A couple of weeks ago I posted about pedals and how they’re the most likely culprit if your bike is making little clicks and creaks. Here’s an excerpt:
We’ve all experienced annoying little clicks and creaks on our bikes. You know, like the kind that happen each time the crank comes over the top at 2 o’clock. I often hear people talk about tightening crank arms and checking bottom brackets when this happens, but odds are it’s a pedal. See, many of the pedals we commuters use, particularly those such as the low-end models from Shimano or the touring pedals from MKS, contain the cheapest bearings on our bikes. They’re the most likely to run rough, and they’re also the most likely to click and creak.
Being the aficionado of fine bike parts that he is, this bit about cheap transpo pedals caught the eye of my friend Bob over at The Bike Biz. So, to school me in the ways of high-quality platform pedals, he sent me a pair of super sweet White Industries Urban Pedals to try out for a couple of weeks.
I’m a bit of a Luddite when it comes to pedals — I’ve been using some variant of the old rat trap for many years — but I have to admit, these White Ind. pedals are something else. With their machined platforms, tapered stainless steel spindle, bronze acorn nuts, and sealed cartridge bearings, they’re really more like jewelry or a high-end fly reel than the cheap-o pedals that I’m used to.
I’m a fan of double-sided platforms; I like the fact that I can just step on a bike in anything from flip flops to hiking boots and not have to fumble with my feet. The White Ind. pedals are single-sided platforms, and while they can be used without clips, it’s clear they were designed for use with clips and straps. I found myself hunting for the top side of the pedal and skating around a bit, both issues that would be resolved with the addition of clips. Since they’re on loan, I didn’t want to mount clips for fear of marring the finish, but if I was to use these myself, I’d definitely set them up with clips and straps.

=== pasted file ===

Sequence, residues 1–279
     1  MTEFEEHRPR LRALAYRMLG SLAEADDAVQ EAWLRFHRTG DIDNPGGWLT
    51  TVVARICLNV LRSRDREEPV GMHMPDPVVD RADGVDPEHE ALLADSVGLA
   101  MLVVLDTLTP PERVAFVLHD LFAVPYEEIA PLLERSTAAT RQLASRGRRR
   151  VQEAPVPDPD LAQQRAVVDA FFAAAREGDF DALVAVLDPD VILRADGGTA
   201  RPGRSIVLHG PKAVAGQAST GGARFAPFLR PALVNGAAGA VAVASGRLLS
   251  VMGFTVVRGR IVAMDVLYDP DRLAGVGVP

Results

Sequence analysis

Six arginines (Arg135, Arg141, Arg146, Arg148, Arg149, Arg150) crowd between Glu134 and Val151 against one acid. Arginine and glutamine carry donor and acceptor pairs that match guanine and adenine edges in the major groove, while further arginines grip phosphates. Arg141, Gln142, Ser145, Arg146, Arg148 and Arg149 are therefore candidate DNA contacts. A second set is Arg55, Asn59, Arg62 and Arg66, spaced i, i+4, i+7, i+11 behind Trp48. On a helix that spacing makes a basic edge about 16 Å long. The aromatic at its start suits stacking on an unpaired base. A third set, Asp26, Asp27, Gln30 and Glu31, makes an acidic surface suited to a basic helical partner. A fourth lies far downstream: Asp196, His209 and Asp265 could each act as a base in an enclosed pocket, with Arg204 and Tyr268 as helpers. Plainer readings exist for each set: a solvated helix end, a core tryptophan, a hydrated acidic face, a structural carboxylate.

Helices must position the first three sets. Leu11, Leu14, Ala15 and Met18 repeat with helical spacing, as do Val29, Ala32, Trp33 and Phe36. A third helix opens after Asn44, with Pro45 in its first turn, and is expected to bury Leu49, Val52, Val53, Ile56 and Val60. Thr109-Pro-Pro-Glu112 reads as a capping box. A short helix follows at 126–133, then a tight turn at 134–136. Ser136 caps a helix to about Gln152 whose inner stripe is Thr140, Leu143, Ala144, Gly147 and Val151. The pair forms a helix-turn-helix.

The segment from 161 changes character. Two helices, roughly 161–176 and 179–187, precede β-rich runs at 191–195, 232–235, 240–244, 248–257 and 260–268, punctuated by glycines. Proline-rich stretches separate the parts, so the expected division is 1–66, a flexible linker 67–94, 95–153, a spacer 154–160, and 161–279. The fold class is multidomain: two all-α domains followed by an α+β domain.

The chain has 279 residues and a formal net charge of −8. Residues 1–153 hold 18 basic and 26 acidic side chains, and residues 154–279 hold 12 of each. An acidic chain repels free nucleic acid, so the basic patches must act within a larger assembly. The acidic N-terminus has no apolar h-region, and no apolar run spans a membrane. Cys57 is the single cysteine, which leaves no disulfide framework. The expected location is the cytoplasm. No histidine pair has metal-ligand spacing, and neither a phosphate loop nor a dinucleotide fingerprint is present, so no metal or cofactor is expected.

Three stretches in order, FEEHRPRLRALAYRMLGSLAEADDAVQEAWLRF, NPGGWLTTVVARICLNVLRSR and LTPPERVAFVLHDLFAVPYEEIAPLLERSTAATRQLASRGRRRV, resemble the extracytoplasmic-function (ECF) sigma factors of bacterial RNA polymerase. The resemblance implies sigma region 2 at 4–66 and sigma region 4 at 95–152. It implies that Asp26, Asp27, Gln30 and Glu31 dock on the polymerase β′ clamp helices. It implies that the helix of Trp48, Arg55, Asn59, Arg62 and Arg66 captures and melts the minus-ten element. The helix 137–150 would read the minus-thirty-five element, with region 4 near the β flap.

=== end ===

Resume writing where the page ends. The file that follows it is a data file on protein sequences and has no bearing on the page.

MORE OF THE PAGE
These are just about the smoothest running and most beautiful pedals I’ve ever experienced. I can’t honestly say they’d be worth the $220 price tag for me, but if you’re wanting a set of made-in-U.S.A. lifetime pedals designed specifically for city riding, you won’t do better than these beauties; they’ll certainly add some major bling to any bike that’s up to it.
[Bob is the manager of The Bicycle Business in Sacramento, CA. The Bicycle Business is a sponsor of this website and provided the pedals for this article.]